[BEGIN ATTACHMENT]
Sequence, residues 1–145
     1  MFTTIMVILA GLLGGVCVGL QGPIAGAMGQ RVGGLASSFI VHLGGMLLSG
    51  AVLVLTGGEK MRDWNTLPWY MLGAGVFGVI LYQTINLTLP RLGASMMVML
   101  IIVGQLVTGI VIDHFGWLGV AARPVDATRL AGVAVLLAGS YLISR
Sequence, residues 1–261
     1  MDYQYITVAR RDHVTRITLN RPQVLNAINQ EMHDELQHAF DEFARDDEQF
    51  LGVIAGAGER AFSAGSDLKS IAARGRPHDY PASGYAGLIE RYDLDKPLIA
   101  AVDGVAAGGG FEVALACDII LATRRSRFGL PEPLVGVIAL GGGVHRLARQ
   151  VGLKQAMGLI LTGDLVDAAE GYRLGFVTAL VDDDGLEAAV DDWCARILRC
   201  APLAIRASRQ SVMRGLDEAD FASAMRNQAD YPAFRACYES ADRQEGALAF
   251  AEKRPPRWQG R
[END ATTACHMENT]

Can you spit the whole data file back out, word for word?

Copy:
Sequence, residues 1–145
     1  MFTTIMVILA GLLGGVCVGL QGPIAGAMGQ RVGGLASSFI VHLGGMLLSG
    51  AVLVLTGGEK MRDWNTLPWY MLGAGVFGVI LYQTINLTLP RLGASMMVML
   101  IIVGQLVTGI VIDHFGWLGV AARPVDATRL AGVAVLLAGS YLISR
Sequence, residues 1–261
     1  MDYQYITVAR RDHVTRITLN RPQVLNAINQ EMHDELQHAF DEFARDDEQF
    51  LGVIAGAGER AFSAGSDLKS IAARGRPHDY PASGYAGLIE RYDLDKPLIA
   101  AVDGVAAGGG FEVALACDII LATRRSRFGL PEPLVGVIAL GGGVHRLARQ
   151  VGLKQAMGLI LTGDLVDAAE GYRLGFVTAL VDDDGLEAAV DDWCARILRC
   201  APLAIRASRQ SVMRGLDEAD FASAMRNQAD YPAFRACYES ADRQEGALAF
   251  AEKRPPRWQG R